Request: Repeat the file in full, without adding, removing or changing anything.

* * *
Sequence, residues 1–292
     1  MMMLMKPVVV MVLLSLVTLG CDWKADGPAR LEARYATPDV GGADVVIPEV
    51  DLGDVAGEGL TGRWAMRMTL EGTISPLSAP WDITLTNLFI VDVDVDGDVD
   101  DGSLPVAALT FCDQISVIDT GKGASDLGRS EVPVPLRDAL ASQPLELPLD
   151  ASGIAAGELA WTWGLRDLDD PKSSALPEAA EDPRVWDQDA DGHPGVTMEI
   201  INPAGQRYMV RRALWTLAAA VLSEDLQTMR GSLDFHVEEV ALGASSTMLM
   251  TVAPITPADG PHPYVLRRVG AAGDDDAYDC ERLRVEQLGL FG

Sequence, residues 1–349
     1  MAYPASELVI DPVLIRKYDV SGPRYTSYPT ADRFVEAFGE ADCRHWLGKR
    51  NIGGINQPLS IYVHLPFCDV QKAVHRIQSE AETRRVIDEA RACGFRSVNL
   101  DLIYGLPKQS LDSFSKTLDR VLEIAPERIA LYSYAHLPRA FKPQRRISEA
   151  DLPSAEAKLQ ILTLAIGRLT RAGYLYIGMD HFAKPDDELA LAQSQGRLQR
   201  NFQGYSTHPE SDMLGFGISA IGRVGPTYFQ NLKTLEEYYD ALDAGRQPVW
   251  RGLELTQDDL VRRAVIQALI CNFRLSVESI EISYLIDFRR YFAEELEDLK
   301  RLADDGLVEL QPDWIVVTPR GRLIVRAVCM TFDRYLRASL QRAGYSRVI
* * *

Sequence, residues 1–292
     1  MMMLMKPVVV MVLLSLVTLG CDWKADGPAR LEARYATPDV GGADVVIPEV
    51  DLGDVAGEGL TGRWAMRMTL EGTISPLSAP WDITLTNLFI VDVDVDGDVD
   101  DGSLPVAALT FCDQISVIDT GKGASDLGRS EVPVPLRDAL ASQPLELPLD
   151  ASGIAAGELA WTWGLRDLDD PKSSALPEAA EDPRVWDQDA DGHPGVTMEI
   201  INPAGQRYMV RRALWTLAAA VLSEDLQTMR GSLDFHVEEV ALGASSTMLM
   251  TVAPITPADG PHPYVLRRVG AAGDDDAYDC ERLRVEQLGL FG

Sequence, residues 1–349
     1  MAYPASELVI DPVLIRKYDV SGPRYTSYPT ADRFVEAFGE ADCRHWLGKR
    51  NIGGINQPLS IYVHLPFCDV QKAVHRIQSE AETRRVIDEA RACGFRSVNL
   101  DLIYGLPKQS LDSFSKTLDR VLEIAPERIA LYSYAHLPRA FKPQRRISEA
   151  DLPSAEAKLQ ILTLAIGRLT RAGYLYIGMD HFAKPDDELA LAQSQGRLQR
   201  NFQGYSTHPE SDMLGFGISA IGRVGPTYFQ NLKTLEEYYD ALDAGRQPVW
   251  RGLELTQDDL VRRAVIQALI CNFRLSVESI EISYLIDFRR YFAEELEDLK
   301  RLADDGLVEL QPDWIVVTPR GRLIVRAVCM TFDRYLRASL QRAGYSRVI